A Quiet Word About Cautions

Bob Ashford speaking at NIACRO event at Stormont.

Bob Ashford speaking at NIACRO event at Stormont.

Since I resigned as a Police and Crime Commissioner candidate and established Wipetheslateclean, I have been surprised by the number of people who have contacted me through the website. Many of these are individuals whose lives have been blighted by previous convictions -often committed many years ago like my own.

One very striking issue that has come through  is from people who have received police cautions. Many people do not realise that when they accept a police caution, that the cautions will then be disclosed on standard and enhanced CRB/DBS checks when they apply for jobs.

The caution can have the same impact as a criminal conviction and can lead to exclusion from employment and other paths such as fostering/adoption etc. In some cases, when individuals have been asked, at interview or on application forms, whether they have criminal convictions they have answered “no,” only for the disclosures to then come through listing cautions. Because of this job offers have been withdrawn.

quoteService men and women who have accepted an informal reprimand from their commanding officer rather than a court martial find themselves in the same position. Non-British nationals serving in our armed forces have also found their applications for citizenship blocked when leaving those forces.

The same issue comes through when people receive other out of court disposals such as Restorative Justice Interventions and Fixed Penalty Notices etc. Again, while these are not criminal convictions they will be included on CRB/DBS disclosures. There is a right of appeal for individuals against inclusion but the post bag indicates many of these fall on deaf ears.

Many police forces have clear procedures to be followed when delivering cautions and other out of court disposals but practice indicates these are not being adhered to. I am also convinced many police officers are unaware of the lifetime implications of cautions when they deliver them. It’s unfortunate but understandable that when people are arrested and offered the opportunity to get out of the police station they opt for a caution without realising the full implications:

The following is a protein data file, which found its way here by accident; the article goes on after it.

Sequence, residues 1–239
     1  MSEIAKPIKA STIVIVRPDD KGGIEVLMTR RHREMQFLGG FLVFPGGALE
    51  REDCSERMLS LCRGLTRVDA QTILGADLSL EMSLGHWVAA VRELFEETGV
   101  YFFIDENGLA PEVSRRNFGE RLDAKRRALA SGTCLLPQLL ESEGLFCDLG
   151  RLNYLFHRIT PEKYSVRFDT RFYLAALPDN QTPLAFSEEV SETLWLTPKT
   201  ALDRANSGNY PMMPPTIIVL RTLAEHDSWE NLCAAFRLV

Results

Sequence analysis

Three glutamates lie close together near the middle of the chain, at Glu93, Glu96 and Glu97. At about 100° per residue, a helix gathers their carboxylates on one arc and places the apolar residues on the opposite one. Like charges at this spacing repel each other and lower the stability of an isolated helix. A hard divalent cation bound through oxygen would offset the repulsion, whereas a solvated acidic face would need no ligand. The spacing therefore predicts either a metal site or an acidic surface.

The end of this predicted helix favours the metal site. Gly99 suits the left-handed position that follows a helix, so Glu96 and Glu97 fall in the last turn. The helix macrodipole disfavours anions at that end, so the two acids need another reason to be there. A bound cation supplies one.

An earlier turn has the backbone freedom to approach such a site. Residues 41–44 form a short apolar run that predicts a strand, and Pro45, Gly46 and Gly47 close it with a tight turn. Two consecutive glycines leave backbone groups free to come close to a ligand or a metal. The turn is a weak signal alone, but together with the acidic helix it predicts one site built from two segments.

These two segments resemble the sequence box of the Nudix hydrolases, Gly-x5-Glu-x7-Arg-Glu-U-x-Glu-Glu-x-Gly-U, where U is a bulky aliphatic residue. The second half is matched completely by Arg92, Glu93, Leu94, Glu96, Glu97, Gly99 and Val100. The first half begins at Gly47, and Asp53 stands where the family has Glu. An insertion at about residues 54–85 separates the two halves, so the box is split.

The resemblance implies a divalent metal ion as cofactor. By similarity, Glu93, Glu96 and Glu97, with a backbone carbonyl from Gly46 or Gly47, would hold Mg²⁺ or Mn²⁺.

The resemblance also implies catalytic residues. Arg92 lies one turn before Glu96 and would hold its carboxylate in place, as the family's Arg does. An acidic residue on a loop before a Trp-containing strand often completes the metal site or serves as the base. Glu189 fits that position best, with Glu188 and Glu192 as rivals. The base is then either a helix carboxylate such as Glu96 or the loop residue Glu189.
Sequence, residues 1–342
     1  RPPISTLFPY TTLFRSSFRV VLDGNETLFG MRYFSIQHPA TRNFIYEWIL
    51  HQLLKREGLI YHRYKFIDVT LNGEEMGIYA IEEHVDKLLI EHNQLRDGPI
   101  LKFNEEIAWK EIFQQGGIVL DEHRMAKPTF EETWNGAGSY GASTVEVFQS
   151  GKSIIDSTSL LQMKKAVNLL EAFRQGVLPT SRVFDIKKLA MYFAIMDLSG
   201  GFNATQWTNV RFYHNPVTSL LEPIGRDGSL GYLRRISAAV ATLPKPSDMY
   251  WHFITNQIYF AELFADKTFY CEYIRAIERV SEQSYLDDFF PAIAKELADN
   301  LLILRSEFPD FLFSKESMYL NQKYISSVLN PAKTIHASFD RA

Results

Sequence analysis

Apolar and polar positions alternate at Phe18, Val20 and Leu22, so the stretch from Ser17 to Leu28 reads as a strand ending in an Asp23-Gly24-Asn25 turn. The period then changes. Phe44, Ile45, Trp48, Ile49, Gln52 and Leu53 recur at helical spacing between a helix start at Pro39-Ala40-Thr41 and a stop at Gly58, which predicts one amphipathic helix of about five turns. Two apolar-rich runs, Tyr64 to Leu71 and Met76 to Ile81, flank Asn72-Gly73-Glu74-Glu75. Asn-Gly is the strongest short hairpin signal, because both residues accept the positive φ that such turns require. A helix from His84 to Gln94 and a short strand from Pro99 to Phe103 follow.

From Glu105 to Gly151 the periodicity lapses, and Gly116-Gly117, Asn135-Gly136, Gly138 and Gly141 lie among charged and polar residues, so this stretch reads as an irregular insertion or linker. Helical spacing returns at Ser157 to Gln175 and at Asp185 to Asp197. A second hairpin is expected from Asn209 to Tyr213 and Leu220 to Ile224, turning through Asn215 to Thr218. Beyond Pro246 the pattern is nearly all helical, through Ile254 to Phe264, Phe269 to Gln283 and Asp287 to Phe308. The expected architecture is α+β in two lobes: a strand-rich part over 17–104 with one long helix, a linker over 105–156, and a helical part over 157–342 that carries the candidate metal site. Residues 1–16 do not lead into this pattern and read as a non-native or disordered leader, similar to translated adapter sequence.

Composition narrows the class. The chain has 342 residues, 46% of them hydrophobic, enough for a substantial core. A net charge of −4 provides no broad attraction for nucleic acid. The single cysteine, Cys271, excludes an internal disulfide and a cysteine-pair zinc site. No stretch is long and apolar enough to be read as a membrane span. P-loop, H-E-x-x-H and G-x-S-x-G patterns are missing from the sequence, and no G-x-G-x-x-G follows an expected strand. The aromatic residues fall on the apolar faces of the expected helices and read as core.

“I was told that if I accepted a caution it would all be over- I could leave and the thing would all be forgotten about. I had no idea when I applied for my next job that this would be with me for the rest of my life”

The government’s changes to the ROA are welcome but as an earlier article from UNLOCK  points out they do not go far enough. Coupled with this is the potential rise in the number of out of court disposals such as conditional cautions, following the introduction of the Legal Aid and Sentencing and Punishment of Offenders Act (LASPO), all of which I support. The result though, unless there are changes to the system of delivery of these disposals, will be far more people, who find themselves with life sentences for minor misdemeanours. This will particularly affect those who have received more than one such disposal.

That’s why Wipetheslateclean is calling for:

  • The Home Office and ACPO to review the delivery of all out of court disposals and ensure both recipients and police officers are fully aware of the impact of such disposals.
  • The Ministry of Defence to carry out a similar review across the armed forces.
  • For defence solicitors, appropriate adults and parents of young people to be made aware of the full implications of cautions and advocate more strongly for young people and adults at the point of arrest.

Bob Ashford

 

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